Dakar(redirected from Dakar, Senegal)
Also found in: Dictionary, Thesaurus.
Dakar(dəkär`, dä–), city (1988 pop. 672,991), capital of Senegal, W Senegal, on Cape Verde Peninsula, a port on the Atlantic Ocean. Situated in a market-gardening region, Dakar is Senegal's largest city and its administrative, communications, and economic center. Manufactures include refined sugar, peanut oil, fertilizers, cement, and textiles. Flour milling, oil refining, and fish canning are other important industries. The city is the busiest port in W Africa, serving Mali and Mauritania as well as Senegal, and has modern facilities for handling and storing goods.
Dakar grew up around a French fort built in 1857. The first major pier was completed in 1866. Dakar's importance increased significantly after 1855, when a railroad linked it with the Senegal River. In 1887 it was made a commune, along with Gorée, Rufisque, and Saint-LouisSaint-Louis
, city (1988 pop. 160,689), NW Senegal, a port at the mouth of the Senegal River. The terminus of a railroad from Dakar, it is a fishing, trade, and export center for peanuts, hides, and skins.
..... Click the link for more information. ; the communes together elected a deputy to the French National Assembly. Dakar replaced Saint-Louis as the capital of French West Africa in 1902. In 1923 a new railroad linked Dakar with interior peanut-growing areas and the Niger River. In 1940, Free French forces under Gen. Charles de Gaulle fought unsuccessfully to free Dakar from Vichy control, but in late 1942 U.S. forces occupied the city and stayed to the end of World War II. Dakar was the capital of the short-lived (1959–60) Mali Federation. Since 1945, the city has expanded greatly.
Dakar's Roman Catholic cathedral (inaugurated 1929) is the seat of an archbishop. The Univ. of Dakar (1949), the National School of Administration, a school for librarians, and a UN-administered institute of economic development and planning are in the city. It is also the site of the famous Institut fondamental d'Afrique noire, which promotes scholarly research in many fields, and its museum of African arts, a museum of black civilizations, and other museums and galleries. The African Renaissance Monument, a 164-ft (50-m) statue of a man, woman, and child, is on a hill overlooking the city. Nearby are sandy beaches and a zoological and forest park. Dakar's Yoff international airport is the main stopping point for flights from Europe to South America.
the capital of the Republic of Senegal. One of the most important industrial, transportation, and commercial-trade centers of West Africa. Situated on the Cape Verde Peninsula, at the junction of important sea routes from Europe to South Africa and South America. Climate is sub-equatorial; average temperature, 22° C in January and 28° C in July; it rains (572 mm annually) from July to October. Area, about 30 sq km; including the Cape Verde Peninsula and Gorée Island, 550 sq km. Population, 650,000 (1970, including suburbs); 185,400 in 1948; 92,000 in 1936. The population is 90 percent African, including Wolofs, Lebus, and Tukulors. Most of the European inhabitants are French.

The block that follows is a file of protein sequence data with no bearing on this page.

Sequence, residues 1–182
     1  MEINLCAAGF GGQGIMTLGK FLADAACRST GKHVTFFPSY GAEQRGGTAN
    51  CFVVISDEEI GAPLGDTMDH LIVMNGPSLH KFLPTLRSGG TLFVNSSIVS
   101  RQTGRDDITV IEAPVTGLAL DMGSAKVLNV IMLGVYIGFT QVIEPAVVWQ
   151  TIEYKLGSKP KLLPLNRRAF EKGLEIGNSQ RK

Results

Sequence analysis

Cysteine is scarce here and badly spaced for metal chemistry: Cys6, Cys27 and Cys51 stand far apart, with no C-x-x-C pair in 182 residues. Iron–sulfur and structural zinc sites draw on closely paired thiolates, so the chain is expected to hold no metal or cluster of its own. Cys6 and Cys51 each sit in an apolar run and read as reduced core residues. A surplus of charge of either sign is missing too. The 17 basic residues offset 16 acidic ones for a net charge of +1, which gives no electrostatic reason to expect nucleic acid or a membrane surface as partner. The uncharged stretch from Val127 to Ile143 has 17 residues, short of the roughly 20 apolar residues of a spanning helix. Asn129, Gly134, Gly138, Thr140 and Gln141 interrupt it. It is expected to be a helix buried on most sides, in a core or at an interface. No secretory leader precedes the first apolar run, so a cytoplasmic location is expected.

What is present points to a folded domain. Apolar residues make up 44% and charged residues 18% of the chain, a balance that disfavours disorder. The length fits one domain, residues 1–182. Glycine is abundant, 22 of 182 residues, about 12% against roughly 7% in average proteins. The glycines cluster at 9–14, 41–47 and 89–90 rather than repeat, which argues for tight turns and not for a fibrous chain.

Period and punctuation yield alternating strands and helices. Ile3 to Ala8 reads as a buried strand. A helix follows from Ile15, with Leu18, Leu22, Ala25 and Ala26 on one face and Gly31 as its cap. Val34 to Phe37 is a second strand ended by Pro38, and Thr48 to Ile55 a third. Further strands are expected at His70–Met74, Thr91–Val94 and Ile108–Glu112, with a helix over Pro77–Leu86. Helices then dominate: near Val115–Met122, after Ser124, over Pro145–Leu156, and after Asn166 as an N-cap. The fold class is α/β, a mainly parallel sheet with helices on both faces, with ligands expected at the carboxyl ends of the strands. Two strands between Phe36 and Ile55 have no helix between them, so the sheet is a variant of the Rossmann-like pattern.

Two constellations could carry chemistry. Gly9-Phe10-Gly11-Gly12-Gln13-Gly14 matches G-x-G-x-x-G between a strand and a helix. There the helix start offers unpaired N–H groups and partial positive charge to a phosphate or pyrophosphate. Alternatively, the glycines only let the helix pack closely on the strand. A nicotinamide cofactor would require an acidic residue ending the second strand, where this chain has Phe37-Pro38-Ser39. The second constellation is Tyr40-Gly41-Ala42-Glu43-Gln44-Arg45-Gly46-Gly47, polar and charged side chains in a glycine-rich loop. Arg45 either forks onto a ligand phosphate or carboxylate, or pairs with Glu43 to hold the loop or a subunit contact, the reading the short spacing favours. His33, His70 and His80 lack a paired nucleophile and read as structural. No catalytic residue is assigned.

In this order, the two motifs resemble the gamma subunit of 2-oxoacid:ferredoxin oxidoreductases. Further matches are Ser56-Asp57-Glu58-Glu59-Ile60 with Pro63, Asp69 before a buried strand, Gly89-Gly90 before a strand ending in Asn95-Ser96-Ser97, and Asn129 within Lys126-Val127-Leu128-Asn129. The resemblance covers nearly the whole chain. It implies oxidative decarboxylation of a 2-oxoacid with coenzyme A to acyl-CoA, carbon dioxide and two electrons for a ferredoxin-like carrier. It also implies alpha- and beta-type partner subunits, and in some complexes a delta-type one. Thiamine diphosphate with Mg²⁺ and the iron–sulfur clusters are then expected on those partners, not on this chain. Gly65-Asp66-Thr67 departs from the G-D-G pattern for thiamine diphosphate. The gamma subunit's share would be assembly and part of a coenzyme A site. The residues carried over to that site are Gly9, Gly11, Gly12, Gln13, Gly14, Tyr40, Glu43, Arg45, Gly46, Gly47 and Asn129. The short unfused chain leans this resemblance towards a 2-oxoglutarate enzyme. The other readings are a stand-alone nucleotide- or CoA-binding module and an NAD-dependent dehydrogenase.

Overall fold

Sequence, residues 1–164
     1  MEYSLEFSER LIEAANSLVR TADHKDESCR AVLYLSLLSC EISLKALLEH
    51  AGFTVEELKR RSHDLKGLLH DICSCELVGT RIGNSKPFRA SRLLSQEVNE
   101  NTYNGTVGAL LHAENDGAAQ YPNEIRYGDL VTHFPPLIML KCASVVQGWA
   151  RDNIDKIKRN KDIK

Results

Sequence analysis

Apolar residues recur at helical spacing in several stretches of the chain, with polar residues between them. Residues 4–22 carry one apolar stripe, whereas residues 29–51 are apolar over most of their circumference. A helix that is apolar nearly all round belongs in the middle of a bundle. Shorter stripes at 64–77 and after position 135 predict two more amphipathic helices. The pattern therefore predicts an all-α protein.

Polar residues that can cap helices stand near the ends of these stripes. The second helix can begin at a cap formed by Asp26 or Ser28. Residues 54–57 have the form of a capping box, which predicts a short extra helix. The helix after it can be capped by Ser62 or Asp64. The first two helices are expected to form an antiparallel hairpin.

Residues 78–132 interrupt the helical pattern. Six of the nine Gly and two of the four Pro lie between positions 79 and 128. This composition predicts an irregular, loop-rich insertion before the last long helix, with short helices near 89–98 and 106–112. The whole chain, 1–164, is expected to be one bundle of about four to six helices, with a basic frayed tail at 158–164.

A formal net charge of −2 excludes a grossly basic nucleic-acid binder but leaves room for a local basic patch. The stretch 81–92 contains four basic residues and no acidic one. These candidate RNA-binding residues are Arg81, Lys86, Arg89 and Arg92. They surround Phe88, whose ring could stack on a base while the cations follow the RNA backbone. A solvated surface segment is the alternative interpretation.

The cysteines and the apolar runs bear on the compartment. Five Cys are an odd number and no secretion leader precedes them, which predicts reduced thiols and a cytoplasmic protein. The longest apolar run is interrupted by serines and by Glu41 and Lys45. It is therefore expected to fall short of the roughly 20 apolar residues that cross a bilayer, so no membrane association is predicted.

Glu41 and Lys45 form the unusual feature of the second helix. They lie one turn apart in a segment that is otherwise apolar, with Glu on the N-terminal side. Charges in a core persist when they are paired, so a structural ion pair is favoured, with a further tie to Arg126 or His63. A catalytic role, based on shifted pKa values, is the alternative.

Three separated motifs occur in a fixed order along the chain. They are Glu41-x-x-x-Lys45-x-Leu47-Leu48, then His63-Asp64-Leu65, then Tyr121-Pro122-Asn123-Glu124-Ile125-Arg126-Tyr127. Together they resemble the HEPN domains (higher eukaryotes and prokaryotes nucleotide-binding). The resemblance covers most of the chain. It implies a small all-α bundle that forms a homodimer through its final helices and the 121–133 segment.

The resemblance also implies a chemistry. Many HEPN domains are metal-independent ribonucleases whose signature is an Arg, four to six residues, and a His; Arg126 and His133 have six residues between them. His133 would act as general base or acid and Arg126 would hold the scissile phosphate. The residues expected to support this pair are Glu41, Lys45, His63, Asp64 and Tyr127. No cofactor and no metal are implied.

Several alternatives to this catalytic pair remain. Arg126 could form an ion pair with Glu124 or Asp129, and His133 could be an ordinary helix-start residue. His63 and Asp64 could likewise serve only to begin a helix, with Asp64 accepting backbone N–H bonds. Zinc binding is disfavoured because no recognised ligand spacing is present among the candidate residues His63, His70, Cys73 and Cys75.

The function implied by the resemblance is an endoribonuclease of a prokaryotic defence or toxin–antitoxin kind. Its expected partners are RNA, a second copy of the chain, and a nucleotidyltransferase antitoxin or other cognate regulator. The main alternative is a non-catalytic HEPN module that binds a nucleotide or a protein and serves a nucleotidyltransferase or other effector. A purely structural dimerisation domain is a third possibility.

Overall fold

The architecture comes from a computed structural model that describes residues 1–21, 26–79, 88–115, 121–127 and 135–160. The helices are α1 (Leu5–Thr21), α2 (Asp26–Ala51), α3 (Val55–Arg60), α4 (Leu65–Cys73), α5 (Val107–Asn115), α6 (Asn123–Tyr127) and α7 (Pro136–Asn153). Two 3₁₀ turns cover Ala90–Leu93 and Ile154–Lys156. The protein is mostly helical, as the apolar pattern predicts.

Dakar was founded in 1857 as a French fort. In 1895 it was incorporated into the French colony of Senegal and from 1895 to 1960 was the center of the colony. From 1904 to 1959 it was the administrative center of French West Africa. During World War II, Dakar was occupied by Anglo-American forces (1942) and became an important base for naval operations in the Atlantic Ocean and also one of the strongpoints of the Free French movement. In 1960, Dakar became the capital of the Republic of Senegal.
Four-fifths of the country’s industrial enterprises are located in Dakar and its surroundings. The peanut-processing industry—that is, the oil extraction, which yields over three-fourths of the country’s peanut oil—and the soapmaking industry are important in terms of exportation. The oil-processing plants are controlled by French capital and the soapmaking by English and Dutch. The products offish canneries (canned tuna, filets, and frozen fish) are also exported. Flour mills, breweries, bakeries, and tobacco, match, and textile plants cater to the African market.
Dakar has a large oil refinery, a cement factory, chemical plants, and two thermoelectric generating stations (capacity 90,000 kw). It is a major port on the Atlantic, with a deep harbor, and it handles about 5 million tons a year, including 2 million tons of fuel and fresh water for passing ships. The main exports are shelled peanuts, peanut oil, and phosphates. The city has a railroad station and an international airport, Yoff.
There has been intensive building in Dakar since 1947. In the eastern part of the city are the port and the industrial district; in the south is the administrative center (Place de l’lndépendance) and the government center (Place Etoile), and the business district, with multistory buildings (the National Assembly, the bank, and the university); and in the west is the European residential quarter, consisting of three circles with streets radiating from them. In the northwest there is the Medina region with one-story mud huts.
Dakar has a university, a polytechnical institute (lycée De-lafosse), a school of arts with a drama division, and the Pasteur scientific research institute. Attached to the university are a number of scholarly institutions, among them the In-stitut Fondamental d’Afrique Noire (IFAN). The university library is the largest in Senegal, with 130,000 volumes. The Dakar Museum and the Historical Museum are on Gorée Island. The Daniel Sorano Theater is the largest in West Africa.
REFERENCESStolitsy stran mira. Moscow, 1966.
Bocharov, Iu. “O gorodakh Zapadnoi i Ekvatorial’noi Afriki.” In the collection Sovetskaia arkhitektura, no. 16, pp. 142–50. Moscow, 1964.